Ok, since changing jobs about 3 years back I’ve been 100% on MacOS - before then it was 75% windows on the work laptop, 25% Mac at home because of study and because I just like it. Nothing against Windows - been using it since 3.1 (and dabbled a bit with 1.), loved 2000, XP, & and even didnt mind Vista at all.
So now I’ve built a gaming /coding pc with a Intel 10980xe 18 core / 36 thread. Starting copying files off my backup USB3 external drive - about 4TB onto a PCIe x8 6.4TB SSD (Samsung data center SSD).
What I notice that perplexes me is that Windows 10 uses 100% of all my cores according to task manager. That’s 36 threads at 3GHz all at 100%. There is no way sequentially transferring files requires more than one core.
Looking around the web, none of the fixes worked for me.
My question is… is this how File Explorer behaves or do I actually have a problem of some kind?
Is that SSD connected onto the Chipset PCIe lanes rather then directly onto the CPU allocated PCIe lanes ?
Also, is it connected onto a PCIe GEN3 interface ?
This can have an affect on the bandwidth allocated to Enterprise class devices which will just take all your bandwidth and then some.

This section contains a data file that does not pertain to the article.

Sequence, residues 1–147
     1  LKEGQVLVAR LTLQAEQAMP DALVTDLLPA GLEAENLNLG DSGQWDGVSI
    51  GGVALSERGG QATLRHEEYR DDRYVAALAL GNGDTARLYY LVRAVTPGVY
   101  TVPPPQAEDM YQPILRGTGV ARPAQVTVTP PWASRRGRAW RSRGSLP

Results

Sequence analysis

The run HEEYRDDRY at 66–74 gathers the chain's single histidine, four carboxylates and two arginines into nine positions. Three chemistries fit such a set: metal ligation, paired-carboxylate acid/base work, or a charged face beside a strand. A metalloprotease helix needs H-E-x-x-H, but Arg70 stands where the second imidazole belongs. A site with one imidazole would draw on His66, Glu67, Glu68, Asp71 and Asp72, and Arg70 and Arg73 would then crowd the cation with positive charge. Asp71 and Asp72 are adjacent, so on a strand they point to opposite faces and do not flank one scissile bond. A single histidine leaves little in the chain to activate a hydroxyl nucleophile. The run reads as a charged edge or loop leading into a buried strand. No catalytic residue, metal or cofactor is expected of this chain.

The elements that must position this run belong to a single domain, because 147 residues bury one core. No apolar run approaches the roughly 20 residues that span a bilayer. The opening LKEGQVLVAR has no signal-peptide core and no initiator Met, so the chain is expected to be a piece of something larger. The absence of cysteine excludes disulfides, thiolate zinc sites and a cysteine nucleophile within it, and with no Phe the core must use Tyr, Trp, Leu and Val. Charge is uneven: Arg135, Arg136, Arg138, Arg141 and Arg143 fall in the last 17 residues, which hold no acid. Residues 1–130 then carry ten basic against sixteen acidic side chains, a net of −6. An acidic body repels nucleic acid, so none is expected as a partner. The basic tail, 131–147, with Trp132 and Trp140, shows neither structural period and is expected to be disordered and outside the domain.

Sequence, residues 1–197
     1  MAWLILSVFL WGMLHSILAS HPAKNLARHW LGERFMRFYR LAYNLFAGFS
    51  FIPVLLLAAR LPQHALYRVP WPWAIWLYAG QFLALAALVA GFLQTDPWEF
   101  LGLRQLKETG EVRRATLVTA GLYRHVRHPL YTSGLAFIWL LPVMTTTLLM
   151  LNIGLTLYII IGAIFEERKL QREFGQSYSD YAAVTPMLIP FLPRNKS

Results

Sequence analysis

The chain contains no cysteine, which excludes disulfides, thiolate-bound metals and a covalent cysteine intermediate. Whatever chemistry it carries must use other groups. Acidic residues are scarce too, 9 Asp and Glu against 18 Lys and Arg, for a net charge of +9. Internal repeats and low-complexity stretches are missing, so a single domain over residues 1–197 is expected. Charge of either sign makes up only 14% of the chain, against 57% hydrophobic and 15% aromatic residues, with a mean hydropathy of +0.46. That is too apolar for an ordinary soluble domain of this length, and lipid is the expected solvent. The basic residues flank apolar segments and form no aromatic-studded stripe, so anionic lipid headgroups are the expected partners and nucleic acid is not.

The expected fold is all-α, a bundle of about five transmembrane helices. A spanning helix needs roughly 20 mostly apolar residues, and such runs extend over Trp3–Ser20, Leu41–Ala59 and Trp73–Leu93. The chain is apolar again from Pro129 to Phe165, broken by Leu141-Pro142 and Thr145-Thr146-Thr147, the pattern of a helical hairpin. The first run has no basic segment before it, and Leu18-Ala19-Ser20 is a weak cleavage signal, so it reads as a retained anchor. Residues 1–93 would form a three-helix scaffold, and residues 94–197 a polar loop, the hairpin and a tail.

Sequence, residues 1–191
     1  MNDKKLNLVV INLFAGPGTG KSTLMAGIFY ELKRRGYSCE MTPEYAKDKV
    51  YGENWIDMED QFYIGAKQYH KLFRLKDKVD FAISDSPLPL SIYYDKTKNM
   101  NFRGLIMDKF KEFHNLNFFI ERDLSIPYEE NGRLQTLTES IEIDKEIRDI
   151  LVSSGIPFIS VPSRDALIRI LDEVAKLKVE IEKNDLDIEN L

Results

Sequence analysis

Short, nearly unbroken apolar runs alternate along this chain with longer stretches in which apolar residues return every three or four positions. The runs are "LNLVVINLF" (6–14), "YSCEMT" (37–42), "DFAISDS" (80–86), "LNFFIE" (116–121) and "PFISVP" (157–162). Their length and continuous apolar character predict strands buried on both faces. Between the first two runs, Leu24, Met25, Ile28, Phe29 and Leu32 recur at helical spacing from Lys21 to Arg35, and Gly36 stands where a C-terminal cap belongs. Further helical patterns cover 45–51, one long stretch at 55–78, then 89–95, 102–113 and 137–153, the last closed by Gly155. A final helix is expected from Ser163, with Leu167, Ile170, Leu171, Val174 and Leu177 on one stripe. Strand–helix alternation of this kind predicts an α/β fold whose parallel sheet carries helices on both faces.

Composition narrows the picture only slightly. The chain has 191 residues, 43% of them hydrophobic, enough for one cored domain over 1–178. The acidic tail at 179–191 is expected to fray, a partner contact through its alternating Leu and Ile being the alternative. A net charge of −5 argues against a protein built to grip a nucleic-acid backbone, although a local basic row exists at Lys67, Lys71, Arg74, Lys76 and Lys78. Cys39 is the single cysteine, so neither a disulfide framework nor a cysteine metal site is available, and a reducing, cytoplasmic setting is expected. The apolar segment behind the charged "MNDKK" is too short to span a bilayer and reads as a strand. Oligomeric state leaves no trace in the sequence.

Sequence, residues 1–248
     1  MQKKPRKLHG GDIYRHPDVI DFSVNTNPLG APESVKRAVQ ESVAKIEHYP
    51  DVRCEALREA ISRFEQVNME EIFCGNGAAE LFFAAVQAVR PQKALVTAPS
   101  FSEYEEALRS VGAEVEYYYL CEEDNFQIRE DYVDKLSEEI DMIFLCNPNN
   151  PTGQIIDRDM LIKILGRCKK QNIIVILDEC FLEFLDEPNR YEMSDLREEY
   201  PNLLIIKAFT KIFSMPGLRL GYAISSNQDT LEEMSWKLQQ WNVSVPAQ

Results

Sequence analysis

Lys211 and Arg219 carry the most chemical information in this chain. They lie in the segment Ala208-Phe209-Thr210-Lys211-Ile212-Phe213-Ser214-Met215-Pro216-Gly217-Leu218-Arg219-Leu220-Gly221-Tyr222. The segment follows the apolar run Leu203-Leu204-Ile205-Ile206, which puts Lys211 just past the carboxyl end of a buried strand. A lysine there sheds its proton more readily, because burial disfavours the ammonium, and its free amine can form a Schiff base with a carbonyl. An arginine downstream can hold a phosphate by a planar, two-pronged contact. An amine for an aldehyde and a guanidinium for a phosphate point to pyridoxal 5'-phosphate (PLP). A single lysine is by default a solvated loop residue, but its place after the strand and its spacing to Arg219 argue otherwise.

Hopefully somebody else with better knowledge of these Enterprise class devices like Wendell will be able to help guide you on this one.
What kind of speeds are you getting?
I may be ignorant on this, but I thought Windows File Explorer copy operations are infamously single-threaded…?
It could be the anti-malware scanner.
It could be a borked installation of Windows (sometimes it does that with 100% CPU utilization), or it could be some automatic updates that suddenly decided to kick in. Windows Updates can use quite a lot of CPU. I never seen it get 100% usage from updates, but it’s not out of the question if it has to unpack a lot of stuff.
That anti-malware scanner was flipping out this weekend while I had Dragoncenter installed. I guess it’s an appropriate response to anything MSI.